Series resistance is the resistance of the semiconductor material, and this low resistance can generally be ignored. The series resistance arises from the contacts and the wire bonds of the photodiode and is used to mainly determine the linearity of the photodiode under zero bias conditions.
Common Operating Circuits
Figure 2: Reverse-Biased Circuit (DET Series Detectors)
The DET series detectors are modeled with the circuit depicted above. The detector is reverse biased to produce a linear response to the applied input light. The amount of photocurrent generated is based upon the incident light and wavelength and can be viewed on an oscilloscope by attaching a load resistance on the output. The function of the RC filter is to filter any high-frequency noise from the input supply that may contribute to a noisy output.
Figure 3: Amplified Detector Circuit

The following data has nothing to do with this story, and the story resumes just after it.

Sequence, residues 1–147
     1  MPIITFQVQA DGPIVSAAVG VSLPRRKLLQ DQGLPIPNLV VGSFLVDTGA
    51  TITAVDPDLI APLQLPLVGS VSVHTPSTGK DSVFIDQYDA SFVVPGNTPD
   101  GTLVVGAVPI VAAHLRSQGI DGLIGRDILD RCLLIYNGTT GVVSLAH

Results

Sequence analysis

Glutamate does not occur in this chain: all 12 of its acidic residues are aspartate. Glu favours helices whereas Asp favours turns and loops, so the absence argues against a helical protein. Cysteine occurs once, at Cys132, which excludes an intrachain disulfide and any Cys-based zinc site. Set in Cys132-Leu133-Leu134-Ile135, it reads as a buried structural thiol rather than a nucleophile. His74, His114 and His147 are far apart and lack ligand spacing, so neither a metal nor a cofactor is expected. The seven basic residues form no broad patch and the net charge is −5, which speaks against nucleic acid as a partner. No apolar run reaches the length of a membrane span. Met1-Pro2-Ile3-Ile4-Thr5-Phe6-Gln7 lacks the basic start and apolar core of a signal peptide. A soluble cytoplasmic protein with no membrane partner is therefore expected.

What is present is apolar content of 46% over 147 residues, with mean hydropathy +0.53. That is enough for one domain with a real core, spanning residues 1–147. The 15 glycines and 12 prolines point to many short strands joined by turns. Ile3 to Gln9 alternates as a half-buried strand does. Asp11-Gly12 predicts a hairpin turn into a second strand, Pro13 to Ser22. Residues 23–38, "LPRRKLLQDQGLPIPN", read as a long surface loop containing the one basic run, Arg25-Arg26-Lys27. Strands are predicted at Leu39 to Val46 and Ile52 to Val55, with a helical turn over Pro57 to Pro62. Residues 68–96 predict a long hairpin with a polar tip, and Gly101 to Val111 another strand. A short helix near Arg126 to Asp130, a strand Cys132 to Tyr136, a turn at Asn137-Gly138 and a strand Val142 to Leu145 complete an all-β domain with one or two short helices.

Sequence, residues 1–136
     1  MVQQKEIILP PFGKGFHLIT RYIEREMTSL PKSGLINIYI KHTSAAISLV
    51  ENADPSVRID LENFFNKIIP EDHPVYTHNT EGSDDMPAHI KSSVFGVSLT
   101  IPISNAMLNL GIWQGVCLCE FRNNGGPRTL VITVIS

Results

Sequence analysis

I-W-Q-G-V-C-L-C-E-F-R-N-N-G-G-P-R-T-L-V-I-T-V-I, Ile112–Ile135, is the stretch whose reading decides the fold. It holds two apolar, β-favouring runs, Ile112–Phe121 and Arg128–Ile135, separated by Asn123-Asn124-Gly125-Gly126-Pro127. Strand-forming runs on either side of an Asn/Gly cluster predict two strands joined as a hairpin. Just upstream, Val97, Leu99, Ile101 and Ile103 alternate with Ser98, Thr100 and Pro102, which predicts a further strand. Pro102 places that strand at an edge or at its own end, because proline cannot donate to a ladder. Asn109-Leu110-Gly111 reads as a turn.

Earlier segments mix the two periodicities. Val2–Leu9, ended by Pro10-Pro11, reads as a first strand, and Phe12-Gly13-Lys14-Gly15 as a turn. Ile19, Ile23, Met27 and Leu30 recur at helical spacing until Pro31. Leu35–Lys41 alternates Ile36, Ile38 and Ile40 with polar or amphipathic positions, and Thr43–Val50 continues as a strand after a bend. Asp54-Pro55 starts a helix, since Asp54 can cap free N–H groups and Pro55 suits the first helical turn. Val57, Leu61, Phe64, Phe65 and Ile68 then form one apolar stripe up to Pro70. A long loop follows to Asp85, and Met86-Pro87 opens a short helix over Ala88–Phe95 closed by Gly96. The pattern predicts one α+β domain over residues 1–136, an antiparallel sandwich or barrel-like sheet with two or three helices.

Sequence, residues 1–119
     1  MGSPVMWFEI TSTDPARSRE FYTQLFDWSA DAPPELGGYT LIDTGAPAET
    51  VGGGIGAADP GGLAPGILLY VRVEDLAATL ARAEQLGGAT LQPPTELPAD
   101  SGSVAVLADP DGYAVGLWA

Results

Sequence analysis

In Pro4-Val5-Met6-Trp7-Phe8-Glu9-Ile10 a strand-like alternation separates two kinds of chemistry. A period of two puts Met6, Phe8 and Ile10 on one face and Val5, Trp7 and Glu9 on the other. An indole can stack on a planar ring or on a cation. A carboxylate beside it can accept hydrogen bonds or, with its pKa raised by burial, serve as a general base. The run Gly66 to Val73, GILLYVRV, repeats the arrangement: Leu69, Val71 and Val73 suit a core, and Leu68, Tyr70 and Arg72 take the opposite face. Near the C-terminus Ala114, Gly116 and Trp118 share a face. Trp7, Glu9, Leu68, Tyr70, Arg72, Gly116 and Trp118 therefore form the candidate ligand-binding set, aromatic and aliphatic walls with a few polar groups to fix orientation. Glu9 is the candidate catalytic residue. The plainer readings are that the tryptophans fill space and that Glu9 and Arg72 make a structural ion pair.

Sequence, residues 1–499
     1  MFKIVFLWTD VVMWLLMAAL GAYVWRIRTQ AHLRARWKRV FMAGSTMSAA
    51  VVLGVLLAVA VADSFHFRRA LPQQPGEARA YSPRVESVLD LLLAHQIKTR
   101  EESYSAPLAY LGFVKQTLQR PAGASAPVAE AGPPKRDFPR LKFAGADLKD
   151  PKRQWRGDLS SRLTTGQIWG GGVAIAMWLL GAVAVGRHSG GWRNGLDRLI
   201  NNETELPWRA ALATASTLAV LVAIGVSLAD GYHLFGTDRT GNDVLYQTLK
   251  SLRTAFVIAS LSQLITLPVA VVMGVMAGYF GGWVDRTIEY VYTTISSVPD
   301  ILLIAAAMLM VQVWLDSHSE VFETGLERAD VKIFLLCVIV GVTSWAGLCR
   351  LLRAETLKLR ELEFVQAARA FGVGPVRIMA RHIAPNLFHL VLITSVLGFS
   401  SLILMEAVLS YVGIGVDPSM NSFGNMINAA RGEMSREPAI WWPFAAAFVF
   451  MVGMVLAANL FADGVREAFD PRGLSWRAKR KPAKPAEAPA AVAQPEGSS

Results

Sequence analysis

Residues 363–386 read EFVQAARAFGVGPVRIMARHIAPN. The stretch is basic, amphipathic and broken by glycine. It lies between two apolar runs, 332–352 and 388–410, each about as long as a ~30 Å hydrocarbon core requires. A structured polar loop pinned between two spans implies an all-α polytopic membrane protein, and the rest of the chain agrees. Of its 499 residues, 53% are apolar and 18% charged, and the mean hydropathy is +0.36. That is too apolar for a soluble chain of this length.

One can also use a photodetector with an amplifier for the purpose of achieving high gain. The user can choose whether to operate in Photovoltaic of Photoconductive modes. There are a few benefits of choosing this active circuit:
- Photovoltaic mode: The circuit is held at zero volts across the photodiode, since point A is held at the same potential as point B by the operational amplifier. This eliminates the possibility of dark current.
- Photoconductive mode: The photodiode is reversed biased, thus improving the bandwidth while lowering the junction capacitance. The gain of the detector is dependent on the feedback element (Rf). The bandwidth of the detector can be calculated using the following:
where GBP is the amplifier gain bandwidth product and CD is the sum of the junction capacitance and amplifier capacitance.
Effects of Chopping Frequency